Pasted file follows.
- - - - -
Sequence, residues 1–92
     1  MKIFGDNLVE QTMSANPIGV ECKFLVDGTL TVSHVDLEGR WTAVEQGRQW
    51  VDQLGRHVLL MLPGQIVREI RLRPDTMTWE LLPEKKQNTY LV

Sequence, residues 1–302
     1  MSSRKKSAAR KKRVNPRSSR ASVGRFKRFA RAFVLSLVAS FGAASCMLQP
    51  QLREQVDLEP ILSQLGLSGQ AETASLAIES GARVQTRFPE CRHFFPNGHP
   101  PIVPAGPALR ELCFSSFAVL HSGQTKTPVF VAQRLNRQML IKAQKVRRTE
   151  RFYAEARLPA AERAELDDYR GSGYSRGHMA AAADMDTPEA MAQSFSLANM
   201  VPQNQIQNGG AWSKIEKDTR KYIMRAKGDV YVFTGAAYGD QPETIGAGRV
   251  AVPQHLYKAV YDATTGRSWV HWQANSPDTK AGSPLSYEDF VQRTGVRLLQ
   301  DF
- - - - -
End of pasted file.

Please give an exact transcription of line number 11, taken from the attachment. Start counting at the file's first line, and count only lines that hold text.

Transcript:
   301  DF